According to a recent post on the F-Secure blog – they’ve found malware that was signed using a code signing certificate from a CA owned by the Malaysian government. Malware signed by a trusted CA is especially pernicious as signed applications are less likely to throw warning errors at the user when downloaded from the Internet than applications that have no digital signature. In the case of the malware found by F-Secure, the malware is signed as though it was authored by Adobe Systems Incorporated. We’re so used to thinking about CAs being invulnerable that if if our computer tells us that an application appears to be digitally signed by a reputable software company, who are we to disagree with that assessment.
As Malware production and distribution becomes more commonplace, expect increasing numbers of attacks on CAs to get signing certificates. As with most attacks, there will be successful attacks that we find out about (though the loss of faith in the CA after such an attack probably spells the end of the CA as a commercial entity) but there will also be successful attacks that we are unaware of. CAs that aren’t aware that their processes have been compromised and that malware authors are using their certs to sign malicious software.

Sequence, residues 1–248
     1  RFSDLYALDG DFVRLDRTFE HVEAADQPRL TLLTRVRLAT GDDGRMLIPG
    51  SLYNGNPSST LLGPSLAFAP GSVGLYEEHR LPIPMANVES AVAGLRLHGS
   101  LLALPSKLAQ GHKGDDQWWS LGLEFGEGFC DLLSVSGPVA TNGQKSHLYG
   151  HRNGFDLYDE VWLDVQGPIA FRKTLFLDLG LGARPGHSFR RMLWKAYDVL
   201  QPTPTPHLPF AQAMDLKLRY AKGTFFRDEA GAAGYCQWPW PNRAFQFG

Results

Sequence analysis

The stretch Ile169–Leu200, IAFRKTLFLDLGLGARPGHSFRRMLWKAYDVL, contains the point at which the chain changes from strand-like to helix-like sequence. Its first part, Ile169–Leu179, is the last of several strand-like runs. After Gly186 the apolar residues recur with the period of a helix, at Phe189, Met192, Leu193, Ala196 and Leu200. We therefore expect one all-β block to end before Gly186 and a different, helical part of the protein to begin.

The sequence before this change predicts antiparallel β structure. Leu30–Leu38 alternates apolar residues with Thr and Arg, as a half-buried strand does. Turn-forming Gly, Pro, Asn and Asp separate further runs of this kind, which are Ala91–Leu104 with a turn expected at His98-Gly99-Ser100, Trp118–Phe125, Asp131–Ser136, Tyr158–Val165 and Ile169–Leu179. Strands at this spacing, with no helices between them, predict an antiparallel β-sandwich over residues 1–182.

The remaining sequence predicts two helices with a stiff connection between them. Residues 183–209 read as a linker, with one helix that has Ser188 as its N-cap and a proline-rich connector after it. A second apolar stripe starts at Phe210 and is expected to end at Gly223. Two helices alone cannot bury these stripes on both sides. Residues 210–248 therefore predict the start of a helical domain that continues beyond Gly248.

Professional malware operations can invest the time to compromise CAs as a further way of ensuring that their malware spreads. They don’t need to go for the secure CAs up at the top of the trust chain – they just have to hit the ones a bit further down the tree. The ones that don’t have great security, but are still able to issue certificates trusted by the majority of people’s computers. Phishing attacks will certainly be a lot harder to detect if the SSL certificate identifying the site as being associated with your bank has been generated by a compromised trusted CA.